Submitted by Sammy Smith (email@example.com)
Since our initial implementation of the revamped website early this year, we’ve continued to add stories and make sure the new material can be found. We continue to work toward making our Society’s website useful and informative to students, educators, researchers, and those with an interest in our human past.
Now that there’s substantial material on the website, we’ve given you three ways to find material of interest to you. In short, they are 1) a hierarchical listing conforming to a “site map” (not the archaeological kind!); 2) a search box, where you can enter any word, phrase, or even number you are interested in; and 3) a tag cloud. You can see all three on the right-hand side of all pages of our SGA website. At the top is the hierarchical listing, then the tag cloud, and at the bottom, the search box.
The most obvious way to find stories on the website is to use the hierarchy listed vertically on the right, atop the sage green bar. Everything on the website is linked to at least one of these categories or subcategories. These categories are topical to the Society and the website, including, for example, calendar, ArchaeoBus, Archaeology Month, Publications, and Chapters, as well as SGA’s inner workings, such as the Endowment Fund, our bylaws, our vision and mission, and the like. Expect these to be expanded somewhat in the near future, as the ArchaeoBus team produces more materials and stories.
You may also have noticed that we implemented a search box, shown at the bottom of the sage green bar on the right, far below the hierarchy. You can type any topic or word of interest in this box, including phrases and numbers. For example, if you were interested in primitive technology, you could type in that phrase, or “knapping.” That would produce a list of the stories or entries in which that word or words were used. The listing will be newest to oldest, with the most recent story at the top.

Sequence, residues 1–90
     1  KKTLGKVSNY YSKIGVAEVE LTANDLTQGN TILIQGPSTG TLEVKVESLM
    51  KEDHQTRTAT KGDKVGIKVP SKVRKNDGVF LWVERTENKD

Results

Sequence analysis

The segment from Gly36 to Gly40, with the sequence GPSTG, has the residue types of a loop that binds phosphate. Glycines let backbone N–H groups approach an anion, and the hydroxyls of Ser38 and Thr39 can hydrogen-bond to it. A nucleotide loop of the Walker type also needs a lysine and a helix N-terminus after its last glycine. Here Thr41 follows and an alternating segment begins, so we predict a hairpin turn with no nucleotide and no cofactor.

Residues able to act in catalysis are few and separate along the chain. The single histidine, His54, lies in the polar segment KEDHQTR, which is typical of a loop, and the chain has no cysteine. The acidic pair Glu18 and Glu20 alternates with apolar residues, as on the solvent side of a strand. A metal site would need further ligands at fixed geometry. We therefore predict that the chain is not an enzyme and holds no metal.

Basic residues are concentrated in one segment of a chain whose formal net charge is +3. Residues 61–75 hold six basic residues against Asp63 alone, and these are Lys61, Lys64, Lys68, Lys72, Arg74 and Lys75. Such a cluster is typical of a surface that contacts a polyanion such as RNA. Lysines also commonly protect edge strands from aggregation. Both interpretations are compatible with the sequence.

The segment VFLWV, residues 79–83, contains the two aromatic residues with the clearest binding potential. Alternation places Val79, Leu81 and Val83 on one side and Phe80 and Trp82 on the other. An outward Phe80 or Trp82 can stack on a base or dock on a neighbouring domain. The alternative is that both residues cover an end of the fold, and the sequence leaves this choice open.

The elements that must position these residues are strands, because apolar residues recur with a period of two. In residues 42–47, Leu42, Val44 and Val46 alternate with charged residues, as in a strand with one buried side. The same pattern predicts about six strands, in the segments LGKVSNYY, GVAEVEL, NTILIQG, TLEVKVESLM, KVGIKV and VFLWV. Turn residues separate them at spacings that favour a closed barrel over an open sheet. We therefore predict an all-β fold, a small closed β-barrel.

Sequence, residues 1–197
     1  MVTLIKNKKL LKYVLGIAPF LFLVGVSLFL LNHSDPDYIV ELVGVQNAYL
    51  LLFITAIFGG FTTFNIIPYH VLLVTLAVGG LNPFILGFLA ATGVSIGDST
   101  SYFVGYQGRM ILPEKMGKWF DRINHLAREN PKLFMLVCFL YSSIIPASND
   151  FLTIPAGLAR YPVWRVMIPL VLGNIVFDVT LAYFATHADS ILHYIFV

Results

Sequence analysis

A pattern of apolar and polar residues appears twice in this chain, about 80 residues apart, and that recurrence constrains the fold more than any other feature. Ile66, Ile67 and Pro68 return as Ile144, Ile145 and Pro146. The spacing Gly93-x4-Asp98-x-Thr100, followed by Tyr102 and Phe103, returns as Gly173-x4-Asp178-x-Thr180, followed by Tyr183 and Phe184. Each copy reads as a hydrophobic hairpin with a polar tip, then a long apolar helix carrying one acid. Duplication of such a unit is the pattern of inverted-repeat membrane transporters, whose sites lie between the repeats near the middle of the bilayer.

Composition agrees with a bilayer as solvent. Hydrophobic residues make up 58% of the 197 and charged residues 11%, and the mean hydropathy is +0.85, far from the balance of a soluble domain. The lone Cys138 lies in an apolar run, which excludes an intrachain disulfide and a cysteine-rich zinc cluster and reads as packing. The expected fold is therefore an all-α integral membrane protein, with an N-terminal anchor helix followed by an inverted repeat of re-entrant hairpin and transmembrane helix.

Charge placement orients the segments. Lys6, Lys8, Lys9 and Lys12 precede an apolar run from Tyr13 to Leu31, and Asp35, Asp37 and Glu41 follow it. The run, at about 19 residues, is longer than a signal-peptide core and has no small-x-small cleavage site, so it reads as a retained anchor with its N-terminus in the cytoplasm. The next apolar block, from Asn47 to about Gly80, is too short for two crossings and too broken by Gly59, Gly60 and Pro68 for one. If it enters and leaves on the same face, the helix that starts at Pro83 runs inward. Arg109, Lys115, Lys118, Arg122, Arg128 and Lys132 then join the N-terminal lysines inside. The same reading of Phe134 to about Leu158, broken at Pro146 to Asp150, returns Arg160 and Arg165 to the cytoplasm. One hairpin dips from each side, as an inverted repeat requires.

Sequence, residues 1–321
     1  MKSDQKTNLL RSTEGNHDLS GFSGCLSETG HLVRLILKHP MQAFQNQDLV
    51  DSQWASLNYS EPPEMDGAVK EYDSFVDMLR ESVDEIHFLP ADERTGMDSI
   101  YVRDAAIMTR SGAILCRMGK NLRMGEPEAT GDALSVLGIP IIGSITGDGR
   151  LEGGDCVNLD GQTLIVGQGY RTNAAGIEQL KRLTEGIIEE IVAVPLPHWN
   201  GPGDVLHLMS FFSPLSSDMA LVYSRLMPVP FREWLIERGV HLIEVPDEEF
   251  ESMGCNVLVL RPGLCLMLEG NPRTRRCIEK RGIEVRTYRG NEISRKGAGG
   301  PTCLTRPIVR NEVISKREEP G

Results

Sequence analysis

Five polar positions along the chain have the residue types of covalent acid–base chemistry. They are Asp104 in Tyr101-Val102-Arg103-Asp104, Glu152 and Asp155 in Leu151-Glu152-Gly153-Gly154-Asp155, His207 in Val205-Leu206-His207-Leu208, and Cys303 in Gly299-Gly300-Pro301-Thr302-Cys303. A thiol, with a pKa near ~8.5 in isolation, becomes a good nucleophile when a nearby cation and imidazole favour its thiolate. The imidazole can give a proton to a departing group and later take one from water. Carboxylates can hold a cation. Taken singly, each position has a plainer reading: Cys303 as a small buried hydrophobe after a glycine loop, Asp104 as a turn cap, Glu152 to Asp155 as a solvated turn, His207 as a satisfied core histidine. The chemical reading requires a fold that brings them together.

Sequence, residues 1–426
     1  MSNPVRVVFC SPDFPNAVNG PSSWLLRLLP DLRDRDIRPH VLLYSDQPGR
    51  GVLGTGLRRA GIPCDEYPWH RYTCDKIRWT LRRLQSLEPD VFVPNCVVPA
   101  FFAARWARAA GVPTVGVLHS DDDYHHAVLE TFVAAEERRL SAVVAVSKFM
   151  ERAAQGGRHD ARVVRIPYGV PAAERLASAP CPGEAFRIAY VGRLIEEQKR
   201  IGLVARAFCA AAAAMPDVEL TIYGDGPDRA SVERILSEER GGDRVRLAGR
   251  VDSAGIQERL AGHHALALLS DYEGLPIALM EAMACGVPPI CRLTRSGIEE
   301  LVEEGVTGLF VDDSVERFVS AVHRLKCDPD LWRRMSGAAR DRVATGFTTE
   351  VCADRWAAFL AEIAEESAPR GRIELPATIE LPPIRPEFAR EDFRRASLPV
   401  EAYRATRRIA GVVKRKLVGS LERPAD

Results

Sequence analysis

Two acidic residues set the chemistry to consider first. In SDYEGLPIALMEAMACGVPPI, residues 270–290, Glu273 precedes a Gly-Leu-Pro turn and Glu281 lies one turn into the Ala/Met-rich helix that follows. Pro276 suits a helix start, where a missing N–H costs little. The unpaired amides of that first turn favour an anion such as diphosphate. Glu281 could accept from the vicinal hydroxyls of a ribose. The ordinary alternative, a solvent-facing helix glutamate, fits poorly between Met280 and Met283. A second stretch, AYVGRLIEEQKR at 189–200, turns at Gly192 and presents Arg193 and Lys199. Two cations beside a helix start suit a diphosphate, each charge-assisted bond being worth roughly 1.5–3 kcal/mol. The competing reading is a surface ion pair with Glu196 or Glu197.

We have very recently implemented a third way to find stories of interest: tags. On this website, tags are words or phrases that cross-cut the hierarchical listing. Not every story has been tagged, because some are “housekeeping” stories and out-of-date, for example, notices of upcoming meetings and the like. Instead, the tags focus on topics likely to be useful to those interested in the archaeology of Georgia rather than the Society itself. After all, the latter is well-delineated in the hierarchical listing. Thus, the tags focus on archaeological topics and content that researchers may be interested in.
Look between the hierarchical listing and the search box for the tag cloud, entitled “Tags.” All those words and phrases jumbled together into a single list are the tags currently used on this website. The tags are presented in what is called a tag cloud, because the shape resembles the blobby shape of a cumulus cloud (the stylized kind you see in a coloring book). Tag clouds are a specific type of word cloud. Word clouds are generated from any set of words (e.g., the Declaration of Independence, this article, the Bible), whereas tag clouds are special word clouds generated from just those words used as tags.
Word clouds are a visual representation of the frequency of words and phrases within a given text (can range from a sentence to a webpage, etc.). The relative size of the font of the words indicates how frequently they are used in the given text. The larger-size tags in the cloud on our website have been used more frequently. As time goes on, and more stories are published, and therefore are tagged, the shape and size of the tag cloud on our website will change.
So, our website’s tags use what words and phrases? At present, they include rough time periods (e.g., Paleoindian, Woodland, Postbellum, Twentieth century), a few general artifact types (e.g., lithics, glass, nails), a few places (e.g., Fort Daniel, Etowah, Kolomoki), and other topics of interest like stewardship and outreach, excavation and survey.
The list of tags is not exhaustive, so remember you can also use the search box above the tag cloud to find stories relevant to your interests.
NOTE: Should you be interested in making a word cloud, you can visit this Wordle page and create your own. Here’s a Wordle-generated word cloud for this story that uses multiple colors, allows some words to be portrayed vertically, has rounded corners, and discards common words like “and” and “the.”